These two short children’s tales – O medvědu Ondřejovi (The Bear and the Ghosts) and Jak se Franta naučil bát (How Franta Learned to Fear) – directed by Jaroslav Mach were jointly released in Czechoslovakia under the name Medvěd a strašidla (The Bear and the Ghosts, 1960). In the first story, Princess Blanka falls in love with huntsman and gamekeeper Ondřej. Rather than a common swain, her father, naturally, had someone of noble birth in mind for a son in-law. When his daughter rejects all the suitors with the right pedigree, the king locks her up in the castle tower promising her hand to the one who is able to find the secret entrance, while favouring suitor prince Hynek in every possible way. Ondřej, the princess’s lover, ultimately finds his way into the castle disguised as a dancing bear... The interpreters of the two lovers, Aglaia Morávková and Jiří Papež, never managed to leave a significant mark on Czech cinema. In its supporting parts, however, the film relies on Czech stars of the likes of Jaroslav Marvan (the king), Miloš Nedbal (the chamberlain) and Jiřina Bohdalová (chambermaid Anežka).
Princess Blanka is secretly meeting her beloved, huntsman Ondřej. Only the chamber-maid Anežka is in favour of their love but Blanka's father, the King, mustn't find out anything about it. Blanka is refusing all the bridegrooms the King has invited to the castle. Even Prince Hynek has no luck. The King has enough of his daughter's moodiness and shuts her up in the tower. The suitors must search for her and she is to marry the one who finds her first. Blanka begs that Anežka goes with her to keep her company. She hopes that the chamber-maid will then manage to show Ondřej the secret entrance to the tower. But the King forbids Anežka to leave the tower. The castle is full of suitors who are looking for the entrance to the tower. Ondřej is waiting in vain for Anežka and her help. When he meets the bear-tamer in the village he gets an idea to dress himself as a bear and asks his father to accompany him to the castle. The King is delighted with the fake bear's tricks and allows the bear-tamer to show it to his daughter. So Ondřej gets through the secret entrance to the tower. He then changes into his own clothes and hurries to meet Blanka. In the meantime, the King is trying to hint to Prince Hynek where the secret door is. When Hynek finally finds out and the door opens, Blanka is already standing there together with Ondřej. The King finally realizes that Blanka is happy with the huntsman and gives them his royal blessing.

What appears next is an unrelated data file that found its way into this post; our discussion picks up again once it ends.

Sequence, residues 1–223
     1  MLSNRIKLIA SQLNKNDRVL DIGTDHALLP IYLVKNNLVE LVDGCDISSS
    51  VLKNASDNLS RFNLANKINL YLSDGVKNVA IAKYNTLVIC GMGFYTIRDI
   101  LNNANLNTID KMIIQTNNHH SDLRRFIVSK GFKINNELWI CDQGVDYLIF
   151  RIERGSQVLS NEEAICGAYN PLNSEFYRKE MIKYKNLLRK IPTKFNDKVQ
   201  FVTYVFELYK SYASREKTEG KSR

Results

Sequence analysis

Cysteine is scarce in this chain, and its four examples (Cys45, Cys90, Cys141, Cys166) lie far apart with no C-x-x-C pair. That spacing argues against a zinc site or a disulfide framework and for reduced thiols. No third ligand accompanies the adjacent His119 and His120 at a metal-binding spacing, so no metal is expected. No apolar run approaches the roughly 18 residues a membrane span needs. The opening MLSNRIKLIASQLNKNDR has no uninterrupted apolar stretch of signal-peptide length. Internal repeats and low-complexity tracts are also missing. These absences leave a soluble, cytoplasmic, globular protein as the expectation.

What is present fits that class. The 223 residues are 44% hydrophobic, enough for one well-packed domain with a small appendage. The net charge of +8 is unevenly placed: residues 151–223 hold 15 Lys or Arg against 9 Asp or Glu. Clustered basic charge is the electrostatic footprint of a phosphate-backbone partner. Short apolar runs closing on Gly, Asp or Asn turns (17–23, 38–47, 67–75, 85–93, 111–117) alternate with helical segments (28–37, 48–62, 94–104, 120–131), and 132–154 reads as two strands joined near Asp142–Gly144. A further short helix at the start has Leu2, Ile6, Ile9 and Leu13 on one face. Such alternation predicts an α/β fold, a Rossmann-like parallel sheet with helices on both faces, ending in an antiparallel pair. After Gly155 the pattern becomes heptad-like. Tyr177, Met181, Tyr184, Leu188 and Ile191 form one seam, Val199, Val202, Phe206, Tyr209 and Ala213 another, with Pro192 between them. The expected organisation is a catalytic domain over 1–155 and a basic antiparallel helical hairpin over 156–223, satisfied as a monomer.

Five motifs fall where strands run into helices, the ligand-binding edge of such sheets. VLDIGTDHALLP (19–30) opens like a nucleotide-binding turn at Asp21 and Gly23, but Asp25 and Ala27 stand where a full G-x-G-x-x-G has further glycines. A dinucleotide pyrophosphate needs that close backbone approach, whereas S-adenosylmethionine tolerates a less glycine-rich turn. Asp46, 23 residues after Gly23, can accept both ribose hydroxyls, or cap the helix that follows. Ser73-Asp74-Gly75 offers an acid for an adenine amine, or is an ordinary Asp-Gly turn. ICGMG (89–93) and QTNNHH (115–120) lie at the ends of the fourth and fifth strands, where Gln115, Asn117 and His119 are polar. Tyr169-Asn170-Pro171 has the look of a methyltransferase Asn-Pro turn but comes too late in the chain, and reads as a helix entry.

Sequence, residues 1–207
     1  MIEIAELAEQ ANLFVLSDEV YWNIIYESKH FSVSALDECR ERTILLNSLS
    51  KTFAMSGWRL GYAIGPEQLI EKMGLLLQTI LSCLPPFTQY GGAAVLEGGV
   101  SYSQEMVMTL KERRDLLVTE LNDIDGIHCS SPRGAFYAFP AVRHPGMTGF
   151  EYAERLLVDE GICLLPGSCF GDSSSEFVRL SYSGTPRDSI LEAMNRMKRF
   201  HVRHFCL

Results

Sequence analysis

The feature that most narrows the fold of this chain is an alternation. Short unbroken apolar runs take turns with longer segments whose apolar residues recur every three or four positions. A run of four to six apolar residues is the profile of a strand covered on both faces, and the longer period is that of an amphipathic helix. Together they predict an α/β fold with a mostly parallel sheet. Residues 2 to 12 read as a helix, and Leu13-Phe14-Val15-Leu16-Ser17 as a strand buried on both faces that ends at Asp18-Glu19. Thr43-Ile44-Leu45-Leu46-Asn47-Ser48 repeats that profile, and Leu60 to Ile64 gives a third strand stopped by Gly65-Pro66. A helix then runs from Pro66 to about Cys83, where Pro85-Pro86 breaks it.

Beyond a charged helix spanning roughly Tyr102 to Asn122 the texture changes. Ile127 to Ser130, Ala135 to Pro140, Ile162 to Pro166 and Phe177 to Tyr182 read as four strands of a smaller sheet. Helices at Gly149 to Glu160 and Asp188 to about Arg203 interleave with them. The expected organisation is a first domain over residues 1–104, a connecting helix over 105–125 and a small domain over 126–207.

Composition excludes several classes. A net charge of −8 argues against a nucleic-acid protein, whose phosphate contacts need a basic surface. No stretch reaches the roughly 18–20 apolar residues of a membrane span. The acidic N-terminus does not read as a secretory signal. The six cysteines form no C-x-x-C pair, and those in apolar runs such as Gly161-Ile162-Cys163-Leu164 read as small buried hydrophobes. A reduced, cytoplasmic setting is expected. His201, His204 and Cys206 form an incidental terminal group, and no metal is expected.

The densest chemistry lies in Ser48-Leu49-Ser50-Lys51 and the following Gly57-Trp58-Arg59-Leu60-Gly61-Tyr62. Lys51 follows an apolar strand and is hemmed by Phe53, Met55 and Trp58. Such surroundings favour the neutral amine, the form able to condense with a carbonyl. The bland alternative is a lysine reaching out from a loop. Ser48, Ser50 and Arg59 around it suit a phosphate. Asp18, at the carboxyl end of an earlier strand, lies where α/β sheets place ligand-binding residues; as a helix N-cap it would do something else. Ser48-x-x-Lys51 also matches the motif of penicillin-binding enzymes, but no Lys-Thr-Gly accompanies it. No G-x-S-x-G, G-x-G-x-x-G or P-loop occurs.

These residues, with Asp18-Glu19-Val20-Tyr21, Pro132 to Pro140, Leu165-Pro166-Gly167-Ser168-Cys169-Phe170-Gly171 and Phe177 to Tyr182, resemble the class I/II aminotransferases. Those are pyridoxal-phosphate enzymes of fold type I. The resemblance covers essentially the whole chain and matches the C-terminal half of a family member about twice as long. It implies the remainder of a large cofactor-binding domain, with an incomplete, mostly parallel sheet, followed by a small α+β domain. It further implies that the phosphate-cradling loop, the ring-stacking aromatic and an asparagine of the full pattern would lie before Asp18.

The Bear and the Ghosts – joint title for the two medium-footage fairytales that were shot in parallel (length 2 544 meters) but finally distributed separately under the titles How Franta Learnt to Fear and About Ondřej the Bear.
strážný s halapartnou
stráž u prince
anonym (O medvědu Ondřejovi – lidová pohádka)
Ladislav Vinklárek, Emil Sirotek
Bohumír Brunclík (zvukové efekty)
Eliška Nejedlá, Věra Winkelhöferová
O medvědu Ondřejovi
O medvědu Ondřejovi
The Bear and the Ghosts
Princezna, medvěd a strašidla / Medvěd a strašidla
literary Screenplay approved 19 January 1959
technical Screenplay approved 10 March 1959
start of filming 23 March 1959
end of filming 20 August 1959
projection approval 13 October 1959
premiere 27 November 1960 /suitable for youths/ (kino Světozor, Praha /v rámci Dětského filmového festivalu/)
medium length film
1 438 meters